Why a song lyric from 1944 has a lesson for business today
The lyrics of the song are probably better remembered than their writer Johnny Mercer – but either way they still hold a lesson for business. He said we should accentuate the positive, eliminate the negative, and latch on to the affirmative. You can start today: Try dropping these seven words from your vocabulary to inject optimism into your more positive and productive mindset.
Sir Paul McCartney, crooner Bing Crosby and Chicago punk band The Vindictives all recorded versions of Johnny Mercer’s 1944 classic Ac-Cent-Tchu-Ate The Positive – and if such a diverse musical bunch latched on to a song, there must’ve been a strong message in it.
There is. But it’s unlikely that Mercer thought it would have much value for business 70 years after he wrote it; after all, he was just writing a song for a film.
Words convey far more than their literal meanings. Tone of voice, context, even your age or the continent on which you live can change the meaning of a word in the same language.
However, it’s a universal truth that some messages are positive, and some are negative. You can work on tone of voice yourself, but another invaluable tool lies in the words you select.
Here are seven suggestions for words (and their connotations) that you should ditch right away.
1. Hate: you might say this one’s the worst of the lot, because it’s changing the world even as you read. It’s a powerful word, and too often we use it when we don’t mean it. Think about the times you’ve used it in the last couple of days; it’s very likely that all you meant was that something was hard (like getting out of bed early) or something that’s mildly irritating or frustrating.
2. Clique: In a beehive as many as 50,000 bees work in perfect harmony, all focused on the common good. There’s no ‘us and them’, no little groups having private water-cooler meetings whilst looking over their shoulders and turning up their noses at co-workers. Stamp out cliques, which are invariably divisive.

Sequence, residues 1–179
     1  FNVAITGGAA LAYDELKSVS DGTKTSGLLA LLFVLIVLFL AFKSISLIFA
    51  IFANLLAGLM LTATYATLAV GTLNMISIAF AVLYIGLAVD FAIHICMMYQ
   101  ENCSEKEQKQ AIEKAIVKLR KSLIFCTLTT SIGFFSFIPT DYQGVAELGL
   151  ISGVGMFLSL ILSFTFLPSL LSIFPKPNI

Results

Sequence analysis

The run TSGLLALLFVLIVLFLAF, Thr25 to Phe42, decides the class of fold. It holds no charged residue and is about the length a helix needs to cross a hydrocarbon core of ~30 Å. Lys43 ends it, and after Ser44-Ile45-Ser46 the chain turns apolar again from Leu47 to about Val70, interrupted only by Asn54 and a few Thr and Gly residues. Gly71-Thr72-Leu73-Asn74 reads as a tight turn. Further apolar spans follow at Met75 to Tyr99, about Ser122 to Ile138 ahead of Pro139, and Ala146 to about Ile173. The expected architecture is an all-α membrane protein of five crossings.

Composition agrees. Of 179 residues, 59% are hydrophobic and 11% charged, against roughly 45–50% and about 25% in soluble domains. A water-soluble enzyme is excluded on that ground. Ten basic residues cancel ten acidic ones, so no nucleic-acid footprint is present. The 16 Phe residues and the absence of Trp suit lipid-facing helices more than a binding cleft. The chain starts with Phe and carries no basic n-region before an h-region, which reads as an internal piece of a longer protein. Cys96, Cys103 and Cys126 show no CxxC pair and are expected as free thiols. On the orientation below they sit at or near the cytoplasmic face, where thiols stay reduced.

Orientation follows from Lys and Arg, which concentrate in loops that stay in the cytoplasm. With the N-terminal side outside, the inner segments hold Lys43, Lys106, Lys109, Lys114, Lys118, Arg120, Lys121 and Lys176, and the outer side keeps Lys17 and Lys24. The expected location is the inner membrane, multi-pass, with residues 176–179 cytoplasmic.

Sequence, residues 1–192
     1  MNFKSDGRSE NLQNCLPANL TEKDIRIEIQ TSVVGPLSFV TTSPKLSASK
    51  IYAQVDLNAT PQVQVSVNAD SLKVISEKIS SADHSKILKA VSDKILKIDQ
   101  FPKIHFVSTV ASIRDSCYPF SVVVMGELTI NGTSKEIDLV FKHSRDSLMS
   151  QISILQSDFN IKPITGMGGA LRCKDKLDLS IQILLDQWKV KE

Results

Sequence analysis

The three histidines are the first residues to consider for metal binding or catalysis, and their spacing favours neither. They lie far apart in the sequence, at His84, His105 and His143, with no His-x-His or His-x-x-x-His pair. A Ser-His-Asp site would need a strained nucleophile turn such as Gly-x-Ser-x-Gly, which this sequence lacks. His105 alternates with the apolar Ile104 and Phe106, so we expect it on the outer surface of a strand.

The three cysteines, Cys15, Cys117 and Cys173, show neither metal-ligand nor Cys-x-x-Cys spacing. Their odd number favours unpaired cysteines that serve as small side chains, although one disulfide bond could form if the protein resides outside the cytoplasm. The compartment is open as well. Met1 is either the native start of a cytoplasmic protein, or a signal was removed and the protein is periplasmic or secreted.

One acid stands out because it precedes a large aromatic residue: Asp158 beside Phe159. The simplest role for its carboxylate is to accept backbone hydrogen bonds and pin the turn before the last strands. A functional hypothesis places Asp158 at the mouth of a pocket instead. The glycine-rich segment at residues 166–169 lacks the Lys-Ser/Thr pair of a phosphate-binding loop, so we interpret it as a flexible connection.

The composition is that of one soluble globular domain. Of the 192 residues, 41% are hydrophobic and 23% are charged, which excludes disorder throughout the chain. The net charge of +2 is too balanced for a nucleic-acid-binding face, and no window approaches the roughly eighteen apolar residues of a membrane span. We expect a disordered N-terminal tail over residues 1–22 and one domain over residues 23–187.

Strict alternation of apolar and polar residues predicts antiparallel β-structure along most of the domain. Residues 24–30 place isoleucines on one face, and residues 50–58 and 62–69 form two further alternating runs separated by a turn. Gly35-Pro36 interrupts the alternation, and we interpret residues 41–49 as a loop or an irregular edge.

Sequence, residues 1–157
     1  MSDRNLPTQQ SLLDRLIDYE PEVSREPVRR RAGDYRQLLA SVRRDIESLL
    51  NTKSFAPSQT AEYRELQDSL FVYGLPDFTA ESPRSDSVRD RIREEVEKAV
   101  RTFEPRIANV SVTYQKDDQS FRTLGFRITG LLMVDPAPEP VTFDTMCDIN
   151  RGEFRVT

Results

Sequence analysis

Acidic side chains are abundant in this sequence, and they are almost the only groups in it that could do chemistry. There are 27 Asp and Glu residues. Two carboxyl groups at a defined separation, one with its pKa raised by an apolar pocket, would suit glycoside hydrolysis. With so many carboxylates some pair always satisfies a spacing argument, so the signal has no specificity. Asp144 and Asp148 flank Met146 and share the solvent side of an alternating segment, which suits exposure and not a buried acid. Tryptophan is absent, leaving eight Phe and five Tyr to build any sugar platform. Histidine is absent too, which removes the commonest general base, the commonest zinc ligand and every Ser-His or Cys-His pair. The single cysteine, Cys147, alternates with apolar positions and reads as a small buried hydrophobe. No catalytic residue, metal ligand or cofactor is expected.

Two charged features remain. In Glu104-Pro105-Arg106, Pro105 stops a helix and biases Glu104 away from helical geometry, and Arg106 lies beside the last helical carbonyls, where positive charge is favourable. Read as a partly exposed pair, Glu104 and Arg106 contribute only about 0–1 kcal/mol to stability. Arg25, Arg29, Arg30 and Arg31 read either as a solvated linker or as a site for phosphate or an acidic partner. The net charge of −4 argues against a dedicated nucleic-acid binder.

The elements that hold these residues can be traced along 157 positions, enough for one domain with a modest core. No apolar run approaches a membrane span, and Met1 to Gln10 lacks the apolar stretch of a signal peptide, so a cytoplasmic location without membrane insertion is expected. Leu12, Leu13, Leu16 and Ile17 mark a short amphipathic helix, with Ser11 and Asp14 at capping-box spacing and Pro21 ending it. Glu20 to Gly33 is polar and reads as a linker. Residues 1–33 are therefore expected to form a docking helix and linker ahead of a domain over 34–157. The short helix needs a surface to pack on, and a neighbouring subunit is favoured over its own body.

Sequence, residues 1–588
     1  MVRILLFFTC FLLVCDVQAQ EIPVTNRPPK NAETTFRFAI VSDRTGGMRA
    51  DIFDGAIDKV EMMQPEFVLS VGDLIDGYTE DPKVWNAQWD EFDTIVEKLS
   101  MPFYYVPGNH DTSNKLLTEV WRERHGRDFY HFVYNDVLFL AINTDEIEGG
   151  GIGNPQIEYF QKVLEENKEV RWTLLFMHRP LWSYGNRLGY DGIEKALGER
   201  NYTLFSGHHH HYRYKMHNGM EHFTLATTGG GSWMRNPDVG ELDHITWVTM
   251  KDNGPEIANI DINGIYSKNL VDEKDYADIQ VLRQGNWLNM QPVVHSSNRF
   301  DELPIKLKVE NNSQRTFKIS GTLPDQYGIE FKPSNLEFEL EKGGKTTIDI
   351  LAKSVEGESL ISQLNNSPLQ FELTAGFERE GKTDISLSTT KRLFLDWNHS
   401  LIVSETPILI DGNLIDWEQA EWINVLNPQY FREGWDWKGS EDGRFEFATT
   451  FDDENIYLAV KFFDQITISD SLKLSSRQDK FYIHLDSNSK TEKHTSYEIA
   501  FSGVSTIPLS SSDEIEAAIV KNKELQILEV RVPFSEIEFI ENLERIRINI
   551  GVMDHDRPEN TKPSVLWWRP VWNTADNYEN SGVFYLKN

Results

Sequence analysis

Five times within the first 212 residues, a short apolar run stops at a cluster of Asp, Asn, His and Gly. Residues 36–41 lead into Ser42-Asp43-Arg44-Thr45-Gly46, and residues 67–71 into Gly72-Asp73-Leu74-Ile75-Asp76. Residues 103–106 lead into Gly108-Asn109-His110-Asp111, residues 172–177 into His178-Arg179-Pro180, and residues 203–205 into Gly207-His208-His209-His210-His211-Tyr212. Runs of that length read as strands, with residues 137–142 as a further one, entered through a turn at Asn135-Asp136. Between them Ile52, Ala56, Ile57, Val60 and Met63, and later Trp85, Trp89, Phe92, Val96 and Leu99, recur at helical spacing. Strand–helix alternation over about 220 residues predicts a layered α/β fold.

3. Try: This implies that failure’s an option in whatever it is you’re trying to do. Is it a meeting? Have the courage to say ‘no’, I can’t make it, if that’s true. Don’t hide behind mealy-mouthed sentiments like ‘I’ll try’, when everyone knows what you really mean is ‘I don’t want to’. Have the courage of your convictions!
4. Me: The personal pronoun ‘me’ is associated with going it alone. Even self-employed people don’t do business alone; they’re part of larger networks of clients and suppliers. Far better to say ‘we’, and in doing so to have people understand that they’re working together for mutual benefit.
5. Should: Saying “I should” suggests you’re faced with a task you don’t want to do. That makes it a chore, and therefore harder to accomplish. You might ask yourself if you want to do whatever it is; chances are, if you’re in employment, choice doesn’t come into it. Far better then to change ‘I should’ into “I will” and take pride from doing whatever it is well. Think of the positive energy that will replace negativity when you’ve done whatever it is to the best of your ability.
6. But: This simple conjunction normally comes before an excuse; it’s a sign that you’re about to contradict what you’ve said only seconds ago. We once worked with a man who, when asked to tackle a particular task, would spend a long time devising reasons for it being impossible rather than gong out and making it work. Don’t tell me why you can’t; tell me how you’re going to overcome the obstacles!
7. Just: This is in the context of ‘only’ rather than ‘fair and equitable’. Too often people use the word to qualify an achievement, and thereby to minimise the effort that went into it. “I’m just a Dad” or “I’m just a physics graduate” are phrases you may well have heard, and both are patent nonsense. Being either of those things takes years of dedication and hard work. Be proud of every achievement and hold your head up high.
And here’s a final thought – be careful about the way you write email. It’s possible to say something to someone in a face-to-face situation that will create no issues; but write the same thing in an email and you could stir up a hornets’ nest of trouble. In that situation think twice, or even three times. Use neutral language. Hide no potentially misunderstood message in the words you choose.
After all, wouldn’t the world be a better place if everyone was simply nice to everyone else?